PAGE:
Now, the picture is getting a bit fuzzier, based on an interview with the rector, Willem Hendrik Gispen.
According to Gispen, the issue came up when the dean of the theology faculty suggested publishing van der Horst's speech in the university's academic journal. Gispen thought the section on Muslim anti-Semitism was not "academic" in tone--although he claims that he agrees with its substance. He told van der Horst that it would be better to edit that section to make it more "academic," rather than "pamphlet-esque."
At that point, van der Horst cut the section entirely and went to the newspapers.
In the end, he delivered a slightly modified version of the address, which was published in the newspaper Trouw. (This used to be a Calvinist paper when Dutch society was a bit more neatly segmented than it is now). Then the university published the entire original text, as it existed when Gispen had his conversation with van der Horst, on its website.
I haven't had the time to read it, since I read very slowly in Dutch. A friend who has read it tells me that the first part of the speech is very scholarly in tone, with lots of footnotes from different sources and so on. This is about the early history of the myth in ancient Egypt and Greece, which is a subject on which van der Horst is an expert. My friend tells me that the part about contemporary Islam is much different in style and tone and is not really appropriate for a magazine opinion piece, let alone an academic journal. But that's one person's opinion.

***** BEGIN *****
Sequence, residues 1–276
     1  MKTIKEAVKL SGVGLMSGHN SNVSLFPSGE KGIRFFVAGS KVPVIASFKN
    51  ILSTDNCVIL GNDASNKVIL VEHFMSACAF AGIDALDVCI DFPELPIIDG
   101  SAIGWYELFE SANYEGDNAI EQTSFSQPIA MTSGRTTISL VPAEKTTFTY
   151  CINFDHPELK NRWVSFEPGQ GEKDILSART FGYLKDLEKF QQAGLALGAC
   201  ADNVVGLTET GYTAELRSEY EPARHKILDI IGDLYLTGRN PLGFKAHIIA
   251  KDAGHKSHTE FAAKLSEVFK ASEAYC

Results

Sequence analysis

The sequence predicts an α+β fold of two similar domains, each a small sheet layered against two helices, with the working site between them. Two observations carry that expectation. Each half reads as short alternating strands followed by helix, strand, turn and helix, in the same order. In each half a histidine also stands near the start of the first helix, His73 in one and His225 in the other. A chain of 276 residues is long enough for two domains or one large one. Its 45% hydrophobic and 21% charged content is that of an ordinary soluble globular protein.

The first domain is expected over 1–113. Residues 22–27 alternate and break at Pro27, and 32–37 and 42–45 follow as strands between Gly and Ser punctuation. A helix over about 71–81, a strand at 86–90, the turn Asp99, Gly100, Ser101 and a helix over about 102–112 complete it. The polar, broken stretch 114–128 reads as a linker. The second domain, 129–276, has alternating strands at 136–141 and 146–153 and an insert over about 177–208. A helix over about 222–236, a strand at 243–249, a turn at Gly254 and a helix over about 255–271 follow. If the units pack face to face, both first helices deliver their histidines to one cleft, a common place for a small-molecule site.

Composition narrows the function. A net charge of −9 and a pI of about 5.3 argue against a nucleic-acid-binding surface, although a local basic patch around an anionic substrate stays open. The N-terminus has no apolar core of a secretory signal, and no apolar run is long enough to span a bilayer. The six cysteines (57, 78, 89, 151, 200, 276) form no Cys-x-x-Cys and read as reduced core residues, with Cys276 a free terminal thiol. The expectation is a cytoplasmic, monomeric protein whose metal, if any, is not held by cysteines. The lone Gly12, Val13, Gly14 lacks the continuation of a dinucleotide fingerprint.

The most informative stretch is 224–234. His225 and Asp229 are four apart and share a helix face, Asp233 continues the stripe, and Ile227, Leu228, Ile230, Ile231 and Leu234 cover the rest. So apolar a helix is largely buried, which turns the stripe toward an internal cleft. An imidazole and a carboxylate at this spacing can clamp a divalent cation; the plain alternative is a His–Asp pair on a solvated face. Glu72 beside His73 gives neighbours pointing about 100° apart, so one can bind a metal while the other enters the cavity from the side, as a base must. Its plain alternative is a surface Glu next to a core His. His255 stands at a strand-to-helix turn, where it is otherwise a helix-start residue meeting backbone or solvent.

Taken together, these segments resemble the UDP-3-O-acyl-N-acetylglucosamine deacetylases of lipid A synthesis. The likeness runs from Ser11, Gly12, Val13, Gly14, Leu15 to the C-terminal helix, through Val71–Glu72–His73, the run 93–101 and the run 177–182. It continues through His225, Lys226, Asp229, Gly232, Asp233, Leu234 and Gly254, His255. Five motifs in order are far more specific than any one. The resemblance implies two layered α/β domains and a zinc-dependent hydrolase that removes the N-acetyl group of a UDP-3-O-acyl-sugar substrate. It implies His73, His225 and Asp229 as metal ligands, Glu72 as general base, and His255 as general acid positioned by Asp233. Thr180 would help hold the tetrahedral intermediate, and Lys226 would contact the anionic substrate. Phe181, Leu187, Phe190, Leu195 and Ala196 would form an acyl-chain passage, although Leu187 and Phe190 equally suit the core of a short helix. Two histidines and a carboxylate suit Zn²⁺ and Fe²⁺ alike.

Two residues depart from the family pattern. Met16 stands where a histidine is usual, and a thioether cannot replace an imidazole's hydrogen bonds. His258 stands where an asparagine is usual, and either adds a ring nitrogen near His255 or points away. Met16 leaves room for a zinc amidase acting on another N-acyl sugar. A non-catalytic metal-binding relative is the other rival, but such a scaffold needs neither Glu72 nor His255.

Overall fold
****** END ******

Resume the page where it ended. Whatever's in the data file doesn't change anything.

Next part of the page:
According to the article about the interview with the rector, the original speech said that the Muslim world had "taken the torch of anti-Semitism" from the Nazis and carried it further "with fire and fervor." It also said that Edward Said had been promoted far above what the quality of his work justified.
Meanwhile, the inteviewer asked Gispen whether the fact that his wife is Jewish had any influence.
"My wife's father was Jewish, that is correct. She and my daughters wears Stars of David. We have a lot of [Jewish] friends in Israel and the US. I have seldom missed my father-in-law more than in these last few weeks. I would have loved to have been able to ask his advice." His father-in-law [says the reporter] was Professor David de Wied, an internationally renowned neuropharmacologist. Gispen is a medical biologist.Anyway, it's hard for me to discern where the truth lies in all of this. The only thing I know for sure is that Gispen has a cool title: Rector Magnificus.